Once you’ve identified an opportunity and have a clear idea of success, design a solution. Make sure the right folks are involved at this stage. Product managers, UI/UX specialists, developers, etc., keep the conversations focused on the outcome you’re after and allow for enough detail to identify as many of the obstacles and potential challenges you can, ahead of launch.
Stay focused on the problem you’re solving. One of the risks you run during the design phase is getting off course with a solution that seems like a fit, yet doesn’t quite solve the original problem.
Here are examples of the types of questions you want answered during the design stage:
- What is our solution to the problem?
- How will our solution work in practice?
- What is the user journey our audience will go through?
- How do we want the audience to feel when they interact with what we create?
- How do we know our hypothesized solution solves the problem for our audience?
💡 Tip: Once you have a solution in mind, invest an appropriate amount of effort testing and validating the solution, before you create it. Looking for folks to test your ideas on? Try the
#marketing channel on Post Status Slack.
Once you’ve designed and tested a solution, it’s time to bring it to life. Take the details you worked out during the design phase and organize priorities and efforts between partners. Create your timelines and checklists.
Stay focused on the audience experience and solving their problems. If the amount of work to be done is getting overwhelming or threatening the launch, refocus on the problem you’re working to solve and look for ways to start smaller or simplify what you deliver first.
🚀 Launch Checklist — Would you be interested in a “Strategic Partnerships Launch Checklist?” I’ve got an outline in mind and would be happy to put one together. Let me know in the
#partnerships channel on Post Status Slack.
A successful launch is just the beginning. If you want to maximize the value of a strategic partnership for all involved, keep growing. The idea here is to take the energy from the launch and build on it to create momentum over time.
Focus on the ideal outcome for a longer period of time. If the partnership goes well, what will you have accomplished together after a year? How about 2 years? 3 years?
Here are a few examples of ways you might collaborate to build momentum beyond the launch:
- Audience Education – Create a content calendar and work together to educate the audiences you’re serving around the problem you’re focused on solving. Collaborate on blog posts, tutorials, webinars, live streams, video series, special events, etc.
- Roadmap Alignment – Connect the product teams across both partners and schedule regular connection points to stay aligned on product roadmaps. This can help prevent unexpected overlaps / conflict and can spark new opportunities.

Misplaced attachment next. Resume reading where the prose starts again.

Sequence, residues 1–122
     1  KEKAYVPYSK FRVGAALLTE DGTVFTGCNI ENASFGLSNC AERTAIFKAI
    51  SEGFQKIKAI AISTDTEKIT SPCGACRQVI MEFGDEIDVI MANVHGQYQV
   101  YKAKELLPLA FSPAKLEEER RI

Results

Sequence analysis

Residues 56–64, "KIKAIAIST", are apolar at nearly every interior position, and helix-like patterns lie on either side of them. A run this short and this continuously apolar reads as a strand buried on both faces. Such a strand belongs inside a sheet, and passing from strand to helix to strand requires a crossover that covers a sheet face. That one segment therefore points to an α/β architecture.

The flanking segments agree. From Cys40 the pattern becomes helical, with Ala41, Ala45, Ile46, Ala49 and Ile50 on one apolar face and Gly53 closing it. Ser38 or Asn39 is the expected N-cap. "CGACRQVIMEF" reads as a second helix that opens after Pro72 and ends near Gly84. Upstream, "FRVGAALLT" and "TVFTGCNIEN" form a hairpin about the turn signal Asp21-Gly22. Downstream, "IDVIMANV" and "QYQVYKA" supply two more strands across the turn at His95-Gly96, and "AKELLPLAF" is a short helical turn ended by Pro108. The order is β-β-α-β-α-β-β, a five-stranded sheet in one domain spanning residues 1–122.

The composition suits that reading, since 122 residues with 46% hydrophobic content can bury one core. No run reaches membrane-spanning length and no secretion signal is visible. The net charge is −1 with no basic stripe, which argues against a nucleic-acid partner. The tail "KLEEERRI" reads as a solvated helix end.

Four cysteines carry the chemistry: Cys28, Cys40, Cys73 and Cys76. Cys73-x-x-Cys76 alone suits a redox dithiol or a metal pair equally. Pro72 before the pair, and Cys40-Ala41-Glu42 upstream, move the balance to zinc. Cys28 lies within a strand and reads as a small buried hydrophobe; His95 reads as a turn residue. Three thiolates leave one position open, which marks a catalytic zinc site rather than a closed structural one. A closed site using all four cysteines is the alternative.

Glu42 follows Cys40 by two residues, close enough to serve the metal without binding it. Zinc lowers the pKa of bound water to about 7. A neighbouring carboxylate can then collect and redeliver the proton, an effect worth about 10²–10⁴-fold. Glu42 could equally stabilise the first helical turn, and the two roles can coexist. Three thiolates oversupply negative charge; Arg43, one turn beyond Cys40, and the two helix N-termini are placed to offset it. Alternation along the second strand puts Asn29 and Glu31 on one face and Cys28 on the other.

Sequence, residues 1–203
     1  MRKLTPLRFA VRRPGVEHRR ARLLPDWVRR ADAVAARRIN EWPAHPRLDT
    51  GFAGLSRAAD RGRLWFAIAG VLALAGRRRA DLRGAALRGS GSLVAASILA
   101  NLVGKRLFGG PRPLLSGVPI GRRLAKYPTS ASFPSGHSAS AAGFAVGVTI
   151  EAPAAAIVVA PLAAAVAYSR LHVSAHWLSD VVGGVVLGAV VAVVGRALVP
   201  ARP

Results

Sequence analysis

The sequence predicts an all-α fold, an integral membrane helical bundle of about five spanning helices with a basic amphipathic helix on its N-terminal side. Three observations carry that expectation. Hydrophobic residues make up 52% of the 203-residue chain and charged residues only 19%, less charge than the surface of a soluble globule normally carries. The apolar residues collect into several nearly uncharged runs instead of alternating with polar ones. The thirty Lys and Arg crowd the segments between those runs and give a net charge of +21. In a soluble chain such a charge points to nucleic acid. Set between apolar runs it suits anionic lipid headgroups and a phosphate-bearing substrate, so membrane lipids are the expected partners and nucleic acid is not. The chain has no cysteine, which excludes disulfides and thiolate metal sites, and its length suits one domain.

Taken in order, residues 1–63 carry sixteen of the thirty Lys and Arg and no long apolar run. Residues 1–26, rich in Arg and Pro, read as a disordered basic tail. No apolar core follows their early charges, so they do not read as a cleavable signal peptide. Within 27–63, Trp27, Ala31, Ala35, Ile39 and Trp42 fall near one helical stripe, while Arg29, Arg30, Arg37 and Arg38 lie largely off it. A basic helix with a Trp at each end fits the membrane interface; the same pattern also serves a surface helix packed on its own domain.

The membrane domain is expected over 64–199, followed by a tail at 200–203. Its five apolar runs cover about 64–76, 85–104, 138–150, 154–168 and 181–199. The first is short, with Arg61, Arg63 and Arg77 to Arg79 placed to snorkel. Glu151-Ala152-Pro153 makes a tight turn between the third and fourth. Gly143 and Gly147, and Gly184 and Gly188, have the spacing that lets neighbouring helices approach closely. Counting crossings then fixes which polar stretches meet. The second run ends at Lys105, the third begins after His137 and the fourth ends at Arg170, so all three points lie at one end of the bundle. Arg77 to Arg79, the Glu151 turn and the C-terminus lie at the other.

- Feedback Exchanges – Create regular cadences to share feedback, positive and negative, from customers on both sides of the partnership.
- Partner Education – Don’t assume that team members on either side of the partnerships know how to “sell” the partnership. Schedule ongoing internal education for current team members and make sure that the partnership is part of onboarding for new team members.
- Expanding Partnerships – Look for new partners to bring into the mix to benefit from the momentum you’ve built and add in their own.
Eventually, most partnerships reach a peak and growth slows down. The partnership is still valuable, though, and the customers who rely on the partnership may need to be supported.
Focus on establishing regular cadences where the relevant maintenance and support work just gets done. Make sure that the solution continues to solve the problem you set out to solve.
A few ideas and suggestions to keep in mind as you navigate the support stage:
- Watch for New Opportunities — Product improvements or new product ideas can come out of maintenance and support work. Create processes to both seek out and gather ideas and get them in front of the right people.
- Align Team Interests — Some folks enjoy building new things and others enjoy maintaining and improving what’s there. Try to get folks involved who enjoy the maintenance process.
- Plan a Sunset — On a regular basis (e.g. yearly), re-evaluate the partnership and consider when it might be time to wind it down. The idea here is that by looking ahead, you’ll be more likely to recognize growth opportunities or recognize the right time to end the partnership.
- Use the five stages as a basis for designing your own process for strategic partnerships.
- Create a list of potential partners and start reaching out to explore opportunities.
Have questions or ideas to contribute? Join us in the Post Status Slack
Interested in getting help creating strategic partnerships for your WordPress business? Cory and I offer consulting services, and we’d love to work with you. Send me an email or ping me on Slack and let me know you’re interested.
Special thanks to Joshua Wold for his fantastic illustrations.